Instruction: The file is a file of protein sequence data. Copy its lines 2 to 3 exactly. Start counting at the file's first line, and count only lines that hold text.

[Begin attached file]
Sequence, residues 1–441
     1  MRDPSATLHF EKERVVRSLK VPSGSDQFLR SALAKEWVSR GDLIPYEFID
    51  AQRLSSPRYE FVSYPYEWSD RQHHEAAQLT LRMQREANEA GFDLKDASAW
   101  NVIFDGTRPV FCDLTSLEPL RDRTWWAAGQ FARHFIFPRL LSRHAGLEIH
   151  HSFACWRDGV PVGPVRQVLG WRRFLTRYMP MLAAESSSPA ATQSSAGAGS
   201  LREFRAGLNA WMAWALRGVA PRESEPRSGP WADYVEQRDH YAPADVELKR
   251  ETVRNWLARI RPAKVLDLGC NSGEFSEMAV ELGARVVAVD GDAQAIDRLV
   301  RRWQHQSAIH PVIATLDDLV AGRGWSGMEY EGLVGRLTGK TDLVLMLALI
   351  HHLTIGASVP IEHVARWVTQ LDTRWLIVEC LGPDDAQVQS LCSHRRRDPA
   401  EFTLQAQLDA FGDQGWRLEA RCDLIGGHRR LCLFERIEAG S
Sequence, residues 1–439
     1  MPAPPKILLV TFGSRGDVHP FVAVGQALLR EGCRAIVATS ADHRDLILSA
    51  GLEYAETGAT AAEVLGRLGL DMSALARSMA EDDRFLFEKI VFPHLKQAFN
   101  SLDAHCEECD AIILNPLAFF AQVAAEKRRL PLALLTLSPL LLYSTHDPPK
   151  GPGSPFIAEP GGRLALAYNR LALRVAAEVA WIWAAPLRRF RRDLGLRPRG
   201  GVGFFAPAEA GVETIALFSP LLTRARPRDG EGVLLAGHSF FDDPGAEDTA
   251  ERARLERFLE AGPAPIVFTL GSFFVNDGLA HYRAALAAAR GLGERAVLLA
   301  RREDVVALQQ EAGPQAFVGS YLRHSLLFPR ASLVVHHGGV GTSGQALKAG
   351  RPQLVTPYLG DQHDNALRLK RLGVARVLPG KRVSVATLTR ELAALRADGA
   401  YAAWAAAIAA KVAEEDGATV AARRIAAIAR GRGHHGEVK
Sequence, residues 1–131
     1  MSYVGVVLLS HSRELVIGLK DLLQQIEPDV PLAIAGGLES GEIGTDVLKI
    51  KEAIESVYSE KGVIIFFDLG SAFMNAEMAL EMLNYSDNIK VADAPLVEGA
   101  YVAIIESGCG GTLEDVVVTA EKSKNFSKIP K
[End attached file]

     1  MRDPSATLHF EKERVVRSLK VPSGSDQFLR SALAKEWVSR GDLIPYEFID
    51  AQRLSSPRYE FVSYPYEWSD RQHHEAAQLT LRMQREANEA GFDLKDASAW